Editor’s Note: The following review has been revised to correct several inaccuracies, including a major plot point and character and actor names. We apologize for the mistakes.

Review | ‘Breaking the Code’ Explores Personal and Cultural Differences

Claudia McGarry’s Romantic Comedy Returns to Ventura on September 26

Credit: Courtesy

An insecure 50-year-old widowed playwright meets a fretful Pakistani-born Realtor less than half her age. Though the two take a liking to each other, their socio-cultural differences and, more comically, constant interference by their overbearing families conspire to embroil the would-be lovers in frustration and emotional turmoil. But because the play is a romantic comedy, the problems serve to forge a more self-realized relationship, and the ending is a happy one; nobody drinks poison or knifes their own heart. 

Though billed as a romantic comedy, the play written by Claudia McGarry is as much about the effect of Christy (Shelly Best) and Moutaz’s (Gul Saeed) mutual attraction on their own respective worlds — work, cultural upbringing, and, above all, their familial relationships — as it is about the romance itself.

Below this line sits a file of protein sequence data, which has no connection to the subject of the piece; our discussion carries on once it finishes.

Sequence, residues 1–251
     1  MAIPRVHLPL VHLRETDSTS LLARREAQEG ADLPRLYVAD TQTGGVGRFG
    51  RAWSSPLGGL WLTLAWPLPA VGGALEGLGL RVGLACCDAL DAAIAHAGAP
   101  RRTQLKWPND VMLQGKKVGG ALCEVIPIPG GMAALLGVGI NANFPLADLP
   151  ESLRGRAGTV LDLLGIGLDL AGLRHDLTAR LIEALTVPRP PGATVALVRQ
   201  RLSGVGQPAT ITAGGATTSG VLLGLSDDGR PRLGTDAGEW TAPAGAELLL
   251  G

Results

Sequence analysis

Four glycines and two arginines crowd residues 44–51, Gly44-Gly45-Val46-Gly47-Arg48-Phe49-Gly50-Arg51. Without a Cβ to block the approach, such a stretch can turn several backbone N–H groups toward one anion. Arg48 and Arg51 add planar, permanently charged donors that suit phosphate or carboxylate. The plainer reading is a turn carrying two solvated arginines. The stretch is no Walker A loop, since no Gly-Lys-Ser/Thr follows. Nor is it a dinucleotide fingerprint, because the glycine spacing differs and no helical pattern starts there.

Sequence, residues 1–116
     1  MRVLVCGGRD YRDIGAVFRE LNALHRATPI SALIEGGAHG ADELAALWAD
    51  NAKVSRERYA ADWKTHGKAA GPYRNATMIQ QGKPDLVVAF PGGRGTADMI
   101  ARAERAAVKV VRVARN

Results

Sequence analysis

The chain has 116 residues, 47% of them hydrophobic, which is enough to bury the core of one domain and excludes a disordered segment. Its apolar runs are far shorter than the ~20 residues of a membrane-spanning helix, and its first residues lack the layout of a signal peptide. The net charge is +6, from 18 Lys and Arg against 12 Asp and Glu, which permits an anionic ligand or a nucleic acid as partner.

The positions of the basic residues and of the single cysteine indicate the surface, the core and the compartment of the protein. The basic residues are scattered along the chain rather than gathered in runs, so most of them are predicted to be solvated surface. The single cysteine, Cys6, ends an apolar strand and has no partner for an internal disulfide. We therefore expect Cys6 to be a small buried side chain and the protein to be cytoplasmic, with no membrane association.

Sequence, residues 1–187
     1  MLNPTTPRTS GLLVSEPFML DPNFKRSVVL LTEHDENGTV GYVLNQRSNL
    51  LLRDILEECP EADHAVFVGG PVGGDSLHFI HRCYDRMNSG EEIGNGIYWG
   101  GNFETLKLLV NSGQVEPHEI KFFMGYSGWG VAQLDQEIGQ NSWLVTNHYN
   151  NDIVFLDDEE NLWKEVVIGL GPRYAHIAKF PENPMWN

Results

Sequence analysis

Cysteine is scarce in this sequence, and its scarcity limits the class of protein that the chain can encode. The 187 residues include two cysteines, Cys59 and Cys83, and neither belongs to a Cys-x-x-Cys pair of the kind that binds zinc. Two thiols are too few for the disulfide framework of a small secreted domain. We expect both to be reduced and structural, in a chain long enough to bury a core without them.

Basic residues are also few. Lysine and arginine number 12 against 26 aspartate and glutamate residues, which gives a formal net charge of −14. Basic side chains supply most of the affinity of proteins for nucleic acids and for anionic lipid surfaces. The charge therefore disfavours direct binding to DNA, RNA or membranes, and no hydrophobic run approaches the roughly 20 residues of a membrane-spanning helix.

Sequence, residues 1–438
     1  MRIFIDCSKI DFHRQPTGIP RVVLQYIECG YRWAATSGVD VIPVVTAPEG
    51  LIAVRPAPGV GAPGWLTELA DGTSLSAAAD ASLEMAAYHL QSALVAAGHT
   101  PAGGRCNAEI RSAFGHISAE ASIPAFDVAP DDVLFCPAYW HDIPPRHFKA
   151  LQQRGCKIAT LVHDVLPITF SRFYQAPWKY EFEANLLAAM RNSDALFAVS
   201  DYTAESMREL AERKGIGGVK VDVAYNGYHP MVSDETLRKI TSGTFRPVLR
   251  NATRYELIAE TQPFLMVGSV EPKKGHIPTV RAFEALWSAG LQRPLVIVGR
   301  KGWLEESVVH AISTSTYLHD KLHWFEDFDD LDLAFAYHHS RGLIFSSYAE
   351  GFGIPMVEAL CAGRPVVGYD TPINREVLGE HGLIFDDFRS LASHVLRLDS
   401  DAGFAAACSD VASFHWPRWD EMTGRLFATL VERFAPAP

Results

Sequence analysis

The confluence of events that drives the narrative forces the characters to directly confront unspoken grievances and bottled-up insecurities, such as the tensions between Christy and her blunderingly garrulous sister Rana (Heather Terbil) over the latter’s deceased husband. Moutaz struggles to escape the shadow of his domineering mother Jumila (Marlene K. Matosian), whose matchmaking schemes (largely explained over the telephone) reaped the most comedic rewards. 

Christy’s assertive daughter Toni (Shari Howard) looks after her frazzled mother as best she can but unwittingly lands Christy and Moutaz in an awkward situation that quickly unravels. Melinda Yohe and Bill Egan provide the voices for Christy’s friend Linda and a very persistent medical telemarketer, respectively. 

There are a few times when the script tries too hard to insert a witticism that seems out of place or a little corny. Many other asides, however, do provide welcome insights into the characters, who each uniquely contribute as comic or dramatic focal points. Breaking the Code lands the biggest impact when the dialogue flows with the story, letting the comedy emerge naturally from everyday people reacting to an absurd sequence of events.

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